The Federal Executive Council, yesterday, accepted a $3.45 billion loan proposal to fund five projects.
Projects in the power industry, renewable energy, state resource mobilisation, teenage girls’ initiative for learning and development, and a women’s empowerment project are among them.
Wale Edun, Minister of Finance and Coordinating Minister of the Economy, told State House correspondents that the FG will accept the $3.5 billion “zero-interest” loan with a 10-year moratorium, with payments beginning in 2033.
“Today at the Federal Executive Council, I presented five memos which were gracefully approved by the Council. They had to do with concessional and, in many cases, zero-interest financing by the World Bank and the International Development Association, which is the very concessional financing arm,” he said.
“The projects that were approved for funding were in the power sector and then the renewable energy sector. There was funding for states for resource mobilisation programmes to help them with the internally-generated revenue efforts.
“There was a project for adolescent girls’ initiative for learning and empowerment. And then finally the fifth financing that was approved was for the Women project.”
The Finance Minister went on to say that the $700 million girls’ program would help young girls in secondary school gain marketable skills in addition to their academic successes.
Edun put a price tag on the project, saying, “$700m is the size of the current project.”
“So those were five loans totalling $3.45bn. And as you know, the tenure is all around 40 years, with a moratorium period of around 10 years and interest very low, or in the cases of loans, zero interest. However, some fees would be incurred,” he added.
Tahir Mamman, Minister of Education, went on to say that the girls’ initiative, which began in seven states initially, has now been expanded to 11 states.
“Initially, from seven participating states, we will now have about 11 additional states participating in this project, which will lead to the empowerment of girls between 10 to 20 right across the participating states.
“This is a very major escalation of this programme that is meant to empower our girls, our teachers and the provision for additional schools in the country,” said Mamman.
The Federal Executive Council also approved the establishment of the Humanitarian and Poverty Alleviation Fund, with the goal of raising $5 billion per year for emergency humanitarian interventions.
Betta Edu, the Minister of Humanitarian Affairs and Poverty Alleviation, announced this, saying that the funds would come from the government, development partners, corporate sectors, and individuals, among other sources.
Edu said that the fund, which will be a type of flexible financing, will enable the government to respond to humanitarian situations in an emergency.
“The Humanitarian and Poverty Alleviation Trusts Fund is a flexible form of financing that can help us get contributions from different sectors. So we’re going to have contributions from the government, from the private sector, development partners, individuals, philanthropic individuals, and other innovative forms of crowd-funding and pooling of funds together. This is to allow for an emergency response to the humanitarian crisis in Nigeria.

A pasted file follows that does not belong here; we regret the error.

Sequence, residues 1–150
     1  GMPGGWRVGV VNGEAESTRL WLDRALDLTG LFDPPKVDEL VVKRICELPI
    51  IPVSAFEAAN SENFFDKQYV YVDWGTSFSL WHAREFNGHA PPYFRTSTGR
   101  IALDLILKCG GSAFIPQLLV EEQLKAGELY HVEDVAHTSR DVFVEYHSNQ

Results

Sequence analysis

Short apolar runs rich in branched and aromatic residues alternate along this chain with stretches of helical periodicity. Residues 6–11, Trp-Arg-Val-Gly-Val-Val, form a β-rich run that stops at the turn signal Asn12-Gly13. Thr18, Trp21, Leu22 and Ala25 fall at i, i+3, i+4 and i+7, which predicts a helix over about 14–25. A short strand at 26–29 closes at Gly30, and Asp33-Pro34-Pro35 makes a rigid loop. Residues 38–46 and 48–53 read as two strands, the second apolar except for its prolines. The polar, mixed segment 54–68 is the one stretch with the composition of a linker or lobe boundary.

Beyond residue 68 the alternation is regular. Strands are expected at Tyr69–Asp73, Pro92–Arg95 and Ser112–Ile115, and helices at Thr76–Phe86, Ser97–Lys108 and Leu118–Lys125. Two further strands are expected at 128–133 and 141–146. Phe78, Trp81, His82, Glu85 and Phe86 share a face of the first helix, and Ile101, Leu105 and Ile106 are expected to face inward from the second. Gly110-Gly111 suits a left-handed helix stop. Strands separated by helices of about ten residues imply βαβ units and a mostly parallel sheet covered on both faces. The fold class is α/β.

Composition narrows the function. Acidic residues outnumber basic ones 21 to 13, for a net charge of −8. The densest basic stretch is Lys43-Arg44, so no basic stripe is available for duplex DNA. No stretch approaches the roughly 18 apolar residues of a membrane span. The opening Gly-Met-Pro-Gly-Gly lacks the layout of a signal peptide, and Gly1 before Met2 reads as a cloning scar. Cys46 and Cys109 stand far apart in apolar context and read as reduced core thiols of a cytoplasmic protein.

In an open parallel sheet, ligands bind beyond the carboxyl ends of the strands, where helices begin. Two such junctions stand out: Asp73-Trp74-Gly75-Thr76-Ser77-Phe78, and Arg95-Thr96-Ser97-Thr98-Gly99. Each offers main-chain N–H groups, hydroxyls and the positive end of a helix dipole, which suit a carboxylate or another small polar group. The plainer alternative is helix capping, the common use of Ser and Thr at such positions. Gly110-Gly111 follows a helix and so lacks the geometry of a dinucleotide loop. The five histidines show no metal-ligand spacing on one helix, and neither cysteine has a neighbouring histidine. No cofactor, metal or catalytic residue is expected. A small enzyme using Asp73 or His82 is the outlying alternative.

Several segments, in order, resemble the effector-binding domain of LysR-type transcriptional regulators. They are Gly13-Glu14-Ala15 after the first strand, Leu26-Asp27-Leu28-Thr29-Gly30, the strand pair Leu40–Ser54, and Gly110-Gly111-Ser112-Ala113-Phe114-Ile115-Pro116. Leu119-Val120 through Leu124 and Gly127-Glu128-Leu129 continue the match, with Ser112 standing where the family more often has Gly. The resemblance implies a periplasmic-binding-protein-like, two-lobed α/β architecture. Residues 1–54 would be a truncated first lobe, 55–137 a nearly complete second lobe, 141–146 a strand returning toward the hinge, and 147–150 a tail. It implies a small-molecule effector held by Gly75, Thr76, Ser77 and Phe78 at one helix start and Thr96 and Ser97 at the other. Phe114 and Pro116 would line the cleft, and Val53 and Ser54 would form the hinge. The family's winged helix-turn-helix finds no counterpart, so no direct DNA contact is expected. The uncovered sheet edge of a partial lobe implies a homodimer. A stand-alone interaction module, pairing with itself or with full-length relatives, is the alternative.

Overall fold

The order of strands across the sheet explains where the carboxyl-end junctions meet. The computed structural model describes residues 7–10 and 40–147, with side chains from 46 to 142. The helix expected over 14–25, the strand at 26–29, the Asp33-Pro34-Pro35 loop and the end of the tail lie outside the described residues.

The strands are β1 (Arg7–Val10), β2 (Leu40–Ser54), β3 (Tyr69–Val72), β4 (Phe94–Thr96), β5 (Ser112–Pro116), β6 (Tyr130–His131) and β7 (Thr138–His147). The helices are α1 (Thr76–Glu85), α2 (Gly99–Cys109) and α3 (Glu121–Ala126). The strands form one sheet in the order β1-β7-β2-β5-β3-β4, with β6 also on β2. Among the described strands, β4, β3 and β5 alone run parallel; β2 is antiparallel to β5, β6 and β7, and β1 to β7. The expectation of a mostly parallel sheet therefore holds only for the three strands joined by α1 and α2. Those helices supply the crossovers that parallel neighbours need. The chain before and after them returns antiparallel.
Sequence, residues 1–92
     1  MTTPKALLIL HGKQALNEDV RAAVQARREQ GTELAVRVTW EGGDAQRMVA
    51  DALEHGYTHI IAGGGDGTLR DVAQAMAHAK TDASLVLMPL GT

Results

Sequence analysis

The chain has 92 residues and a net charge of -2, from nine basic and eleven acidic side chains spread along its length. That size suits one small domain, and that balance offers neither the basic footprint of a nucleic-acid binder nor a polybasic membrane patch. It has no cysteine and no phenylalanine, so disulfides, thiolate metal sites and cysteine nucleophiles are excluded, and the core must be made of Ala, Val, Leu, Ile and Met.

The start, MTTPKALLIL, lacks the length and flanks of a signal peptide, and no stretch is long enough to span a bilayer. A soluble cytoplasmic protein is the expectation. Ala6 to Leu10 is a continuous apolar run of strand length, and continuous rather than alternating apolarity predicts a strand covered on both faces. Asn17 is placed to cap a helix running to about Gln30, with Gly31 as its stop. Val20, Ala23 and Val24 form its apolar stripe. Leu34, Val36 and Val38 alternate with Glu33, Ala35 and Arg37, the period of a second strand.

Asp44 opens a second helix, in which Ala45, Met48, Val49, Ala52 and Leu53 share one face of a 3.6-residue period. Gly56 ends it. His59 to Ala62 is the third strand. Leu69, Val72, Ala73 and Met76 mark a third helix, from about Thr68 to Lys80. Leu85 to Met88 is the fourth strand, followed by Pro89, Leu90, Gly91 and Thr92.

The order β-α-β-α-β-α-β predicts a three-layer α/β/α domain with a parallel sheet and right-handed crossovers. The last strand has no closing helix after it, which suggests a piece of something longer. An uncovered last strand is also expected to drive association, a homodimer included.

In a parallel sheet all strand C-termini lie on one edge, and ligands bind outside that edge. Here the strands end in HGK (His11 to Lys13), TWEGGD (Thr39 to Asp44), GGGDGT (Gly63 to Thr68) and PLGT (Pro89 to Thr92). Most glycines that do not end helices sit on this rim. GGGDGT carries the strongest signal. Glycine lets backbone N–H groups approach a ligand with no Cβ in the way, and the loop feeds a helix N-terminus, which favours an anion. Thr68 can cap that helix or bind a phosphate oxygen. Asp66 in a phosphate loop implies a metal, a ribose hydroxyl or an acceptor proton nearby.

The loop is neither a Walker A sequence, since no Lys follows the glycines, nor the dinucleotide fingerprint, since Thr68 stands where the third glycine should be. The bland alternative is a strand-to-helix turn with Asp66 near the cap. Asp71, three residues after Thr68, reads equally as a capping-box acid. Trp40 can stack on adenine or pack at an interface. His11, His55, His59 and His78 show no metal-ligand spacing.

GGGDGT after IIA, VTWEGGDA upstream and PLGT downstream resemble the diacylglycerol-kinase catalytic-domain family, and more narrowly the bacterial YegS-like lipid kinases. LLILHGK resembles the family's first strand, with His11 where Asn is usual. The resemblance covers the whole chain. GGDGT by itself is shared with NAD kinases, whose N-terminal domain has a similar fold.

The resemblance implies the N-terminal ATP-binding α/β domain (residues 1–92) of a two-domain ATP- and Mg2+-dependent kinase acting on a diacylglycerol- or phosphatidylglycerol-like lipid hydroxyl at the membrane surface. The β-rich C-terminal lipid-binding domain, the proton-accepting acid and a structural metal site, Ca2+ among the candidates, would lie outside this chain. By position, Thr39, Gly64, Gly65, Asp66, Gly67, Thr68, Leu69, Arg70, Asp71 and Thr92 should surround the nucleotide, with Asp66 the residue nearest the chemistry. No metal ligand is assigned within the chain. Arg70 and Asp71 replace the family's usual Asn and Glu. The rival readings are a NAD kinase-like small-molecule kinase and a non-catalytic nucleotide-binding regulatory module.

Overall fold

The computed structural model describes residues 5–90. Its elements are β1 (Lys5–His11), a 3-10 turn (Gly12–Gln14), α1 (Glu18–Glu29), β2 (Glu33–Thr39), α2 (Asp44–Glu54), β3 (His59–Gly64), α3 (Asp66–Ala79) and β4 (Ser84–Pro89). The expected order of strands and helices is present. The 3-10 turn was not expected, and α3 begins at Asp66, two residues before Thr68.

“Every other day, we hear about the crisis, the floods and the rest of it. We need to be able to respond adequately as a country. Beyond this, the issue of poverty alleviation is one of the agendas of President Bola Ahmed Tinubu in his 8-point agenda and we want to be able to tackle it headlong.
“How much are we looking at? Every year, we hope to be able to raise at least $5bn within this fund and this is from the various sources that I’ve mentioned and even more. We are hopeful that with the creation of this funding, we can sit down with all the key stakeholders, including other ministries, and actually work out the full modality of implementation in Nigeria,” the minister said.
Meanwhile, the Federal Government adopted a draft policy for the Nigeria Solid Minerals industry, which covers operations, rules, and regulatory framework, as well as sourcing and other sector dynamics.
Dele Alake, Minister of Solid Minerals Development, explained this to journalists, adding that the FG is willing to invest in technology to secure the Nigerian mining area.
Alake highlighted illegal foreign miners as key perpetrators of illicit mining activities around the country, adding that technology has allowed the authorities to interpret their plans.
“We are injecting a large dose of technology. We see the challenges of a porous border; the incident of illegal mining is pervasive in rural areas. The government has also traced the incidents of banditry to the handiwork of illegal miners, especially foreign illegal miners who sponsored banditry in the local areas.
“With the mindset of driving away the local population and moving in to explore, it’s technology that is helping us decipher these.
“We are working with the National security adviser, the Inspector General of Police,” he said.